At a campaign rally in Pennsylvania yesterday, Representative Paul Ryan used Twisted Sister’s 1984 anthem “We’re Not Gonna Take It” as his walk-on (or perhaps walk-off) music. For those who don’t know or remember it, the song is a timeless expression of core Republican values (e.g., “your life is trite and jaded/boring and confiscated/if that’s your best, your best won’t do”). The song’s composer, Twisted Sister frontman, host of radio’s “House of Hair,” and genuine music business nice guy and wit, Daniel “Dee” Snider, objected: “I emphatically denounce Paul Ryan’s use of my band Twisted Sister’s song, ‘We’re Not Gonna Take It,’ in any capacity. There is almost nothing he stands for that I agree with except the use of the P90X.”
The story initially caught my attention because I recently represented Snider’s interests in a copyright infringement case involving “We’re Not Gonna Take It” (along with “I Wanna Rock” and “Burn in Hell”). More generally, though, stories like this have become increasingly commonplace as, mostly Republican, candidates have taken to appropriating music from the other side of the culture wars, perhaps as a means of deflecting attention from the revanchist social policies they actually espouse. Do Snider and other victims of this form of cognitive dissonance have any claim under copyright law?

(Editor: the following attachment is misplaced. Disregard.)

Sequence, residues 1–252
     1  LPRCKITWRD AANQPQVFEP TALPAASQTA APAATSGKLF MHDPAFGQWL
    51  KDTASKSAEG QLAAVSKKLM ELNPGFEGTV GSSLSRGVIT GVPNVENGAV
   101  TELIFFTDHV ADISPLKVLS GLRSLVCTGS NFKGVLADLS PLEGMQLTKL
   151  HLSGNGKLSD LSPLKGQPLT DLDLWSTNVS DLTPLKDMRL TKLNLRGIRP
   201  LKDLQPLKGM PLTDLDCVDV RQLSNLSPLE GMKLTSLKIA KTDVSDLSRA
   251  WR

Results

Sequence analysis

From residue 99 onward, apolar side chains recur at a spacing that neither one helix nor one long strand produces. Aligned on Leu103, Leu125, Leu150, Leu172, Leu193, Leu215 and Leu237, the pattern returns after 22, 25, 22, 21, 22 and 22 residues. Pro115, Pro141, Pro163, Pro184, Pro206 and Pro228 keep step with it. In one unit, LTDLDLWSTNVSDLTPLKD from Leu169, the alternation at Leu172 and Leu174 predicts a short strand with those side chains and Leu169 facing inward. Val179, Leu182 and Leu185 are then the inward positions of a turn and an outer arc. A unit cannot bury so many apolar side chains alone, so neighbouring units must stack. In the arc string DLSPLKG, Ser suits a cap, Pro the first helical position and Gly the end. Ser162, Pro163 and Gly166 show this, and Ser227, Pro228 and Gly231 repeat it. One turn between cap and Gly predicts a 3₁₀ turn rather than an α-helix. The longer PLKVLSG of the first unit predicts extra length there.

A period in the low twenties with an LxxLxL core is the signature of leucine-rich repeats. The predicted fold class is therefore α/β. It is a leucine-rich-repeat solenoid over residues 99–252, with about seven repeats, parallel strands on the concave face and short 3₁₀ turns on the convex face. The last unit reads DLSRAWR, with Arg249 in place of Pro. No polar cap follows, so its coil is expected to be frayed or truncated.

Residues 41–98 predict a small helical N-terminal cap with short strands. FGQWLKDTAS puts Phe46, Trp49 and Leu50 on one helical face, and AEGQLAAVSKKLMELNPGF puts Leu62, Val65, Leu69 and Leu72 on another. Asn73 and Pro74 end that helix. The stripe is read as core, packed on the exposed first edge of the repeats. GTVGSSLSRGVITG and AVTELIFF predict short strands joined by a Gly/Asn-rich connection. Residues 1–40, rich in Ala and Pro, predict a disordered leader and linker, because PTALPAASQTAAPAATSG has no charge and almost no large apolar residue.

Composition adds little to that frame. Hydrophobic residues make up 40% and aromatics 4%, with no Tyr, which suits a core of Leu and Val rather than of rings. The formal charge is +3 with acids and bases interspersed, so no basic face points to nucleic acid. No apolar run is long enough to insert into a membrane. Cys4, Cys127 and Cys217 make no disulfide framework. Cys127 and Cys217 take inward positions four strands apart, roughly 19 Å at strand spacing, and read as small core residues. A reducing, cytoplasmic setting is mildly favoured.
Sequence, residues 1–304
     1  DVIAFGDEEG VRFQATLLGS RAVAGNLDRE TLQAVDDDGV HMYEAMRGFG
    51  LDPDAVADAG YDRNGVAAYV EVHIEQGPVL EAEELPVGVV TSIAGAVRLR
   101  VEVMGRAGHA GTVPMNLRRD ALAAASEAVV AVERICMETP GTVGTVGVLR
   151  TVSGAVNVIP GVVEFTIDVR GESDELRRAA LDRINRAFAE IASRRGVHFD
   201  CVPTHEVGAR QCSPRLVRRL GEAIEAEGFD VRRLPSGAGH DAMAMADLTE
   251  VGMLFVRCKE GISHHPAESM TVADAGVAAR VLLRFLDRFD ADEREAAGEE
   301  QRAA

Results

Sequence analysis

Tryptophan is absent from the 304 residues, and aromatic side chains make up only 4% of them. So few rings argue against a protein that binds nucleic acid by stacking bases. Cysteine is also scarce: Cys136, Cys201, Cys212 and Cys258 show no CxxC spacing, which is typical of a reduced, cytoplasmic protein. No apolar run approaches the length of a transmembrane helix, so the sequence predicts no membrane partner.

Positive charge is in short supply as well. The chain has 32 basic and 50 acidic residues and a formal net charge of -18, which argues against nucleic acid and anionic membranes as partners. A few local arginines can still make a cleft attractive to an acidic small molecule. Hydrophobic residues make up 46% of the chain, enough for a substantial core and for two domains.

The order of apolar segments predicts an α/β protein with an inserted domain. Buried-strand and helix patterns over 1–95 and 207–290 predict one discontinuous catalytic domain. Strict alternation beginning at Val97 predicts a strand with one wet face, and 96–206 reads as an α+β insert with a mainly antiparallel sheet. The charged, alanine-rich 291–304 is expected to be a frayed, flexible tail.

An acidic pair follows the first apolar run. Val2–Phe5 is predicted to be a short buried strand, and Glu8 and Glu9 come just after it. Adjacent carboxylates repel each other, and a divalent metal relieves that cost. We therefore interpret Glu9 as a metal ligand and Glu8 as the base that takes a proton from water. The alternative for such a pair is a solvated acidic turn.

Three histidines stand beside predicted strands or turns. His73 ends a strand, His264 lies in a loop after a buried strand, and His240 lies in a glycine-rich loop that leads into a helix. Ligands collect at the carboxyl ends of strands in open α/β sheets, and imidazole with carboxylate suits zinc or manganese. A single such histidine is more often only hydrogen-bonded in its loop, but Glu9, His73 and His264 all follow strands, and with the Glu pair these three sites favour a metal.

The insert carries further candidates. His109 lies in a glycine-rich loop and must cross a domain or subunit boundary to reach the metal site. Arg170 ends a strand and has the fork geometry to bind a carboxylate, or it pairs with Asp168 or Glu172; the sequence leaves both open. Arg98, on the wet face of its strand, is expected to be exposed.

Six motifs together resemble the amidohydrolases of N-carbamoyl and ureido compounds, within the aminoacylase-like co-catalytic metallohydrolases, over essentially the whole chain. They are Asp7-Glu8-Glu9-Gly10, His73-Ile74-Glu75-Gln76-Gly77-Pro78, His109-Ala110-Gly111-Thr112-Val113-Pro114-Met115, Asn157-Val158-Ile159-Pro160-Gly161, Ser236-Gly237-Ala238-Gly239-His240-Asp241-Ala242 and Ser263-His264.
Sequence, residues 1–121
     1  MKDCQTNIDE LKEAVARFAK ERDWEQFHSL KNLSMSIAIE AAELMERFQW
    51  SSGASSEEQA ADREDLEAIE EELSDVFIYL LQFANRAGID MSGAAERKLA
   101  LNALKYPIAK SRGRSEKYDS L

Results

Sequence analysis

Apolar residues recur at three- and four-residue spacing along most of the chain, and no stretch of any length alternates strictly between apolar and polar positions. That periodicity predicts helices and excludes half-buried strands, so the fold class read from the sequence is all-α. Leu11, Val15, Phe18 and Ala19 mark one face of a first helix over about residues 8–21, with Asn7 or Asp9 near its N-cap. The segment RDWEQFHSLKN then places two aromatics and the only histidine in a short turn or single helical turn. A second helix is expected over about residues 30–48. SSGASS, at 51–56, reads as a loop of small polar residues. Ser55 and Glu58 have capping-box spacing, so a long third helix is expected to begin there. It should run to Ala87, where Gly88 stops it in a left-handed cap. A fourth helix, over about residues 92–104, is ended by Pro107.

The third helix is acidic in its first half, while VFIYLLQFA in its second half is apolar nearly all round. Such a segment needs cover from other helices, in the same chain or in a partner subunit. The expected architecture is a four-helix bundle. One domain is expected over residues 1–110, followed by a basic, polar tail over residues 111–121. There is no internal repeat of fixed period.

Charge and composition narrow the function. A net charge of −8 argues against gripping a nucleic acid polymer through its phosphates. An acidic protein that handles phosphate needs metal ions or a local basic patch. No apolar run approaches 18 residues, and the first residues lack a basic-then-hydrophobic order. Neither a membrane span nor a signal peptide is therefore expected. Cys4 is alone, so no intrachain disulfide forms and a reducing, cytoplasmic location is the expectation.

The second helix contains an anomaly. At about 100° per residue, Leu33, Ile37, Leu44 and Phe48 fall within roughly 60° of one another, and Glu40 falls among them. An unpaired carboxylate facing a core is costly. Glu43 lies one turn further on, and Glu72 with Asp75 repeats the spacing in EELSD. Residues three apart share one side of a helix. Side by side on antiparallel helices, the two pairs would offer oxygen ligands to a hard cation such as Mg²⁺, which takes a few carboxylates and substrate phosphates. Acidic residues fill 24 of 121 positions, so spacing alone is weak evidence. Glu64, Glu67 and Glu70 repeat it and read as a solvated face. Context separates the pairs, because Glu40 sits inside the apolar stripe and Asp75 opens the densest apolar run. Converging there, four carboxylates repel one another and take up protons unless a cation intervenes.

There seem to be two rights implicated here, if not actually infringed. First, there is Snider’s exclusive right of public performance of his composition. I think there is no doubt that playing the recording at a campaign rally is a public performance, and I don’t see any viable “fair use” defense. The issue then is whether the venue at which the rally takes place holds a blanket license from a performing rights organization (in Snider’s case, SESAC) covering the song at issue. In a rally held in a public auditorium or at a university, the likelihood is that the performance is licensed. In a rally held in parking lot or open field, the use of the song is very likely unlicensed and infringing.
There is also the copyright in the sound recording to be considered (although at this point it is unlikely that Snider or his bandmates, as opposed to the record label, control that copyright). Here the claim would fail as a result of a historical quirk of copyright law, which grants no general right of exclusive public performance of sound recordings. Sound recordings, in fact, had no copyright protection at all under federal copyright law until the 1970s, and at that point broadcast and other existing industries that had long used recorded music were protected against claims for performance royalties from record labels and artists. As the law stands now, only public performances “by means of a digital audio transmission” infringe the copyright in a sound recording.
As a result, Snider, Tom Morello of Rage Against the Machine , and others will largely have to rely upon their First Amendment remedies.